Maharashtra has slashed fees developers pay for approvals of residential projects by half in a second such decision to make a property attractive for homebuyers. Yet, the real estate industry wants more clarity and is waiting for detailed rules.
And some of the questions include how the scheme will ensure that the benefit is passed on to buyers and what happens if an apartment built after availing the benefits couldn’t be sold within the year-long window.
The state government, based on suggestions of a committee led by HDFC Ltd. Chairman Deepak Parekh, slashed the premiums charged on approvals for real estate projects. According to the cabinet decision:
- Premiums will be reduced by 50% and the developers who take the benefit of the reductions will have to pay stamp duty on behalf of homebuyers and this reduction is valid till Dec. 31, 2021.
- Ready-reckoner rates of either April 1, 2020, or the ongoing financial year—whichever is higher—will be applicable.
- The scheme is applicable for the ongoing as well as new projects.
The government is likely to approve the minutes of the decision in the upcoming cabinet meeting and the government resolution will be issued thereafter.
According to property consultant Liases Foras, the scheme will be applicable for 3,189 projects in the Mumbai Metropolitan Region, many of which are in various stages of constructions.
Developers pay 22 premiums, of which only two—for additional floor space index and fungible FSI—are regulated directly by the state government. The remaining 20 come under the preview of municipal corporations. And it has to be seen if local bodies will also follow suit to reduce the fees they charge given the financial condition during the pandemic.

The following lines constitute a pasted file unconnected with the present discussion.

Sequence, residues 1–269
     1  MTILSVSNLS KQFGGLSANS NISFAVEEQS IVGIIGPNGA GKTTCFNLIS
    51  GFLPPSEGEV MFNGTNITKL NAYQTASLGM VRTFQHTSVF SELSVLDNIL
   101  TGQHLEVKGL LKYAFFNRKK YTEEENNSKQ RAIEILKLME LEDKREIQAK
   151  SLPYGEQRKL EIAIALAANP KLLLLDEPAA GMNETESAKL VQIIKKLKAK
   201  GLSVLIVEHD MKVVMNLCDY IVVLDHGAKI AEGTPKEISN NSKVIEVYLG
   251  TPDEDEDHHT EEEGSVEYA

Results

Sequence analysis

And even if they do, it will be difficult to regulate how developers pass on the benefit to homebuyers.
According to the cabinet note, developers availing the concession will have to pay the stamp duty on behalf of the homebuyers. This will reduce the purchase price for homebuyers.
While the move will help improve the margins and economic efficiencies for developers, the question is what if developers simply increase rates to effectively pocket the benefit, according to Pankaj Kapoor, managing director and founder, Liases Foras. That will impact affordability, he said.
The state had in August last year reduced stamp duty on real estate transactions between Sept. 1, 2020, and March 31 to revive the sector battered by the pandemic, a fund crunch and slowing sales.
The relief on premiums is valid till Dec. 31. If the developer avails the benefit but a homebuyer purchases a unit after the deadline, will the developer still have to pay the stamp duty? And how will the homebuyer get to know if the developer has availed the benefit?
A compulsory disclosure on the website of Real Estate Regulation Authority by the developer regarding the benefit and the deadline could help, according to Avikshit Moral, partner, corporate commercial and real estate at Juris Corp.
There’s another concern. If a developer avails benefit for only one or two premiums, will the company still have to pay full stamp duty on behalf of a buyer.
The industry is waiting for the notification with detailed norms.
The impact of the recent premium cut by the state will be clearly decoded post the fine print issued, said Niranjan Hiranandani, president at developers’ lobby Naredco. “The industry awaits further directives from the municipal local bodies to interpret at the earliest.”
Credai-MCHI, another developer body, told BloombergQuint that they are waiting to understand the extent to which premium concession and details on the payment of stamp duty on behalf of homebuyers.